Last week, Britain’s leading independent economic research group, the National Institute for Economic and Social Research, said the economy would stagnate this year, contrasting with the official estimate of 0.8 per cent growth.
In Talib’s view, “the coalition government are stumbling from one crisis to the next in their effort to cut the deficit. The only relief is the Queen’s Jubilee celebration and the London Olympics — then we hit August when the rich are on holiday and the poor will run havoc”.
His outlook is shared by economists that Today met in London.
John Bowler, the director of country risk service at the Economist Intelligence Unit, the entity behind finance magazine The Economist, said that ever since the 2008 global financial crisis, “one thing the coalition government wants to do is to balance the economy away from excessive dependence on financial services, property transactions. Some people say openly that we need to encourage bigger and broader manufacturing bases that has withered over the last few decades.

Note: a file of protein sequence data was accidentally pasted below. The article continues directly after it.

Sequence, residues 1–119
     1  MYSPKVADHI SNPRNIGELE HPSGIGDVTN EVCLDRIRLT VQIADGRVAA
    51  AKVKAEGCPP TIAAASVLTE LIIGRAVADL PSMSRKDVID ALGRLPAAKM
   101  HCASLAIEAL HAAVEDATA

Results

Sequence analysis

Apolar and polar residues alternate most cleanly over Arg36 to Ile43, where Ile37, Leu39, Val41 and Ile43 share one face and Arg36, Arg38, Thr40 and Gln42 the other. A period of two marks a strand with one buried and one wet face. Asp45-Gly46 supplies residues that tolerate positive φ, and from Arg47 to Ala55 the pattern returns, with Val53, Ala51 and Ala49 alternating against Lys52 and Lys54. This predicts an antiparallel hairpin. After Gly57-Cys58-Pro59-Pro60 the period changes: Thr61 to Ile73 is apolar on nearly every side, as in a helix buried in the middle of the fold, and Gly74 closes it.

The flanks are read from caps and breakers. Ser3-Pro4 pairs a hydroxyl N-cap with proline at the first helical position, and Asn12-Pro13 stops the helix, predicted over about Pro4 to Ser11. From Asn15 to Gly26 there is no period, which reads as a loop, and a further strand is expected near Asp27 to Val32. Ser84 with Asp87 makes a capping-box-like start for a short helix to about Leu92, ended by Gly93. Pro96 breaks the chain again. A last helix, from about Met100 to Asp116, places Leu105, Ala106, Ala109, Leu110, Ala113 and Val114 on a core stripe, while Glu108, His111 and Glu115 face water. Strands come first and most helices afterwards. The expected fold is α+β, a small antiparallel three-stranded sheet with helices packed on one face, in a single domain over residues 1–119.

“(But) we haven’t seen a lot of evidence of that, and if the problems in the euro zone continue, or worsen, it’ll make the rebalancing process all the more difficult because those are our natural markets.” Four-five per cent of Britain’s exports go to the EU.
While the UK has the twin advantage of a separate currency and its own central bank shielding the financial system from the debt crisis engulfing the rest of the euro zone, London-based standard chartered economist Thomas Costerg noted that the UK has not been able to develop trade links with emerging markets as effectively as Germany.
This fact has not been lost on senior policymakers, who in recent months have gone on the charm offensive to court Asian business and political connections.
Last month, Prime Minister David Cameron personally led trade missions to the east, starting with Japan before making his way down to South-east Asia. Before him was the country’s Minister for Trade and Investment Loh Stephen Green, who visited Singapore and other regional nations to promote British businesses.